American University Police Department held an event with students at the Bridge to discuss the department’s actions and measures to keep students safe on campus on Monday, March 25.
The event, named “Fact and Fiction with AUPD,” was led by Phil Morse, the head of AUPD, and Dan Nichols, AU’s assistant vice president of risk, safety and transportation programs. While the event was originally supposed to center around a PowerPoint, technical issues caused the event to become a one-on-one discussion between Morse, Nichols and students.
The event was co-hosted by AU Student Government, AUSG’s Center for Advocacy & Student Equity and the School of Public Affairs Leadership Program.
Sophomore Camryn Anderson attended the event hoping to learn more about the goals of AUPD and said she had an open mind going into the discussion.
“I’m just curious about the information they want to get out and the information they want to spread to students,'' Anderson said.
AU Student Government President Valentina Fernández attended to represent SG and to emphasize how conversations between students and university officials are vital.
“I think having these types of conversations that are informal are really important because there are a lot of myths that go on about AUPD, but also students need to know about their rights, and what they are entitled to as students,” Fernández said.
The conversation was based entirely around student questions, which ranged from the precautions to take if an active shooter is present on campus to the jurisdictional rights of AUPD to the mental health struggles of students.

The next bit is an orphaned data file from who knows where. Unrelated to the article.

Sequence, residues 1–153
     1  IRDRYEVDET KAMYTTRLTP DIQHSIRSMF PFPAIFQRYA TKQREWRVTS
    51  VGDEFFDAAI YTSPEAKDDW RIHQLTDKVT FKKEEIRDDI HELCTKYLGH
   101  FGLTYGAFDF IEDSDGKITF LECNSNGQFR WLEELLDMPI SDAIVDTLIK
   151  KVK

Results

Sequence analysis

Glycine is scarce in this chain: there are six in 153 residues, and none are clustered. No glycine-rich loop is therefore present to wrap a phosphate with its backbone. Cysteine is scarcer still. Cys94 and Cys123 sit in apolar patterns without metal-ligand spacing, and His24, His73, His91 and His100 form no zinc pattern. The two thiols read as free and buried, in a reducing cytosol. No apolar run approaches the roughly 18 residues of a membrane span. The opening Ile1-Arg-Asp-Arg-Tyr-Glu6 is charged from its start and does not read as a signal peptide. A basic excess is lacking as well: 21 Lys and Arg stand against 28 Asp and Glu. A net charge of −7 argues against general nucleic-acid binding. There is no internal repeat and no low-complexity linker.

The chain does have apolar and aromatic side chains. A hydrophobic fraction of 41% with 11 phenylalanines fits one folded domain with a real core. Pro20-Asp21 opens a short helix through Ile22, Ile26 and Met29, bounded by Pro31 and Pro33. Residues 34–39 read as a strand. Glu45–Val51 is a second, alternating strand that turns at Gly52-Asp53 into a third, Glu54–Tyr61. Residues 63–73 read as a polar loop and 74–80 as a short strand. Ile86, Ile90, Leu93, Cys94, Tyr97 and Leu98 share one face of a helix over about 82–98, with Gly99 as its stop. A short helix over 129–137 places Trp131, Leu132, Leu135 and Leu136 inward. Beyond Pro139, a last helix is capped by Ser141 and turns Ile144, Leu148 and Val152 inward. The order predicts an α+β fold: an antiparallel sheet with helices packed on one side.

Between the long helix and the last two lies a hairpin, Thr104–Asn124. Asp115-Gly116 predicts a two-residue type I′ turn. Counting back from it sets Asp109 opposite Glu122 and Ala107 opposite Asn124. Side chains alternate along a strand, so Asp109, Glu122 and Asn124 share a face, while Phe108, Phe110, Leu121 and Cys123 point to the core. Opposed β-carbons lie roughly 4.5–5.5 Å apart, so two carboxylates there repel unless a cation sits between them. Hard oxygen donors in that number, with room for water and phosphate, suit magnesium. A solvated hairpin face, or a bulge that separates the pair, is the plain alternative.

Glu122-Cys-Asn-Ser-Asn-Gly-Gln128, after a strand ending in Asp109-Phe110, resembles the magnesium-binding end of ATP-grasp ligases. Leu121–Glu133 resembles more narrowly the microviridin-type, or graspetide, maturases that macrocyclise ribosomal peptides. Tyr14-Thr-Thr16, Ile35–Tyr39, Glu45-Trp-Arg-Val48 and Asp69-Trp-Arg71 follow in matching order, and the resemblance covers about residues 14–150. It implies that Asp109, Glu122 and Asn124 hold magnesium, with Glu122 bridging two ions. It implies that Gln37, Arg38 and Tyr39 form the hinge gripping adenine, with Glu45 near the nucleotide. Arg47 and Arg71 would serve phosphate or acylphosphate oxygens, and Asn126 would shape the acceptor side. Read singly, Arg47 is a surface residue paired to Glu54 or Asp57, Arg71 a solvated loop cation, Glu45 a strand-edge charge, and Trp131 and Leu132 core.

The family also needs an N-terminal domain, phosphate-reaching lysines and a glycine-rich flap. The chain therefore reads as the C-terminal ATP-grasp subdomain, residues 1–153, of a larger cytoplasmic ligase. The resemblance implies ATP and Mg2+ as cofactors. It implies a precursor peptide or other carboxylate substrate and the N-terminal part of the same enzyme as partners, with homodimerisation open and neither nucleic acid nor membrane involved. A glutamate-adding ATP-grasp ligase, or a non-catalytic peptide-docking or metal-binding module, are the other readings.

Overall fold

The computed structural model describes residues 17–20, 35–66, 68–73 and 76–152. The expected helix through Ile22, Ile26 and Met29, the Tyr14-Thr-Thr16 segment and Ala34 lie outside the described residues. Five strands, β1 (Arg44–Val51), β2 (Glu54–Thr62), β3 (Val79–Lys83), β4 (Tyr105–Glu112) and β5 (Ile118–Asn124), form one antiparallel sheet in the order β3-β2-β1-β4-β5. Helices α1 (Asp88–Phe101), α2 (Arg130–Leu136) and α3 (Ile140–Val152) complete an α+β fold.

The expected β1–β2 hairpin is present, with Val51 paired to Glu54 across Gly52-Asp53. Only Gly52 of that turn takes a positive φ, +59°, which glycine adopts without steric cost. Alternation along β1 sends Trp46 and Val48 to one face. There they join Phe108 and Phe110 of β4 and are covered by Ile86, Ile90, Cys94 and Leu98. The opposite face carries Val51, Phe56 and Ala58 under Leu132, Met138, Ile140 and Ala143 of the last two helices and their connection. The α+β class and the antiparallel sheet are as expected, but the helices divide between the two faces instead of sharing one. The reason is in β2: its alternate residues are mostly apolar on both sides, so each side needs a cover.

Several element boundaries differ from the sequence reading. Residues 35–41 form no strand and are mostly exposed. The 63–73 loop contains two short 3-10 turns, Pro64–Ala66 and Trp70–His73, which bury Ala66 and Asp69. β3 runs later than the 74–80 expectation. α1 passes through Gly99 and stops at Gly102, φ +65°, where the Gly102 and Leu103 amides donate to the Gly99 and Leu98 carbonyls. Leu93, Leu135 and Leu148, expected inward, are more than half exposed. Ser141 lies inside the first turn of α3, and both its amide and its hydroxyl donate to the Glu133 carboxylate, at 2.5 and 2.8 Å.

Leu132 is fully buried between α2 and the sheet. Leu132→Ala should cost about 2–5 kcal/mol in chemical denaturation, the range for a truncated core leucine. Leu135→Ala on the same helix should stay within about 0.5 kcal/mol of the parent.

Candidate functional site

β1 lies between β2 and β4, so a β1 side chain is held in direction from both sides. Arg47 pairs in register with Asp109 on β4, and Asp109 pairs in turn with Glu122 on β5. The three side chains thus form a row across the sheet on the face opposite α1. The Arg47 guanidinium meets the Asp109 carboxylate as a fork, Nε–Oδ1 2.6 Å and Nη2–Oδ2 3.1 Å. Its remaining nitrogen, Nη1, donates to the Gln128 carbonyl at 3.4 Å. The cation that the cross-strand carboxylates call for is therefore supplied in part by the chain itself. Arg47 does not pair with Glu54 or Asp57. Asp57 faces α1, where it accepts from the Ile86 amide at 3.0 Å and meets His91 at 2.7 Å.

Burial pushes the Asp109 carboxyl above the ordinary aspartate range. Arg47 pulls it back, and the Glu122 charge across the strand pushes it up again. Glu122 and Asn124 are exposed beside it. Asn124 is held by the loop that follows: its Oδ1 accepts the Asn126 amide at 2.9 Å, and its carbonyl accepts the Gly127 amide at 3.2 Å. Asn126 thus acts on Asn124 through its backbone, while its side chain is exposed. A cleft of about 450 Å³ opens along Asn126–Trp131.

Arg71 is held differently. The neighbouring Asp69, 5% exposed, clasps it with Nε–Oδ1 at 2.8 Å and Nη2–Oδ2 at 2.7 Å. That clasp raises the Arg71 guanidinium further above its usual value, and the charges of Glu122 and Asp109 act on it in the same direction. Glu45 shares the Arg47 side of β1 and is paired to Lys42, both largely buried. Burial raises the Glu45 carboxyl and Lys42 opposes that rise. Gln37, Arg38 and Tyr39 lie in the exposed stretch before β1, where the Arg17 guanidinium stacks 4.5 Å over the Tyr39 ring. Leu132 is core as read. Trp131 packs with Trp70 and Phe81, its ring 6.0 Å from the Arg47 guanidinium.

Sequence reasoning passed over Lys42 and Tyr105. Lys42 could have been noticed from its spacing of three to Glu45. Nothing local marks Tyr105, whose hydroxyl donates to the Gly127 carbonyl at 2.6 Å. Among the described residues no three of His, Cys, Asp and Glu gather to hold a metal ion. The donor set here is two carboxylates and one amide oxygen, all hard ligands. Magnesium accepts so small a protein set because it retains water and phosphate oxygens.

At one point, Morse asked students what they would use in the Bridge to protect themselves if an active shooter was on campus. In July 2018, an armed intruder was reported near American University’s campus and prompted a three-hour lockdown and a search of campus buildings by AU police and the Metropolitan Police Department.
The shutdown left AU community members in shock, with hundreds of students telling The Eagle they did not receive police alerts about the intruder. In September 2018, administrators said they changed the AU Alert protocols to send notifications to all current students “regardless of their [class] registration status,” meaning that students not registered for courses for the semester would still receive alerts.
“The more information we have, the more gaps we are able to find, we are able to make sure future student leaders and other students across campus feel empowered to address them in some regard to enhance student life on campus,” Fernández said.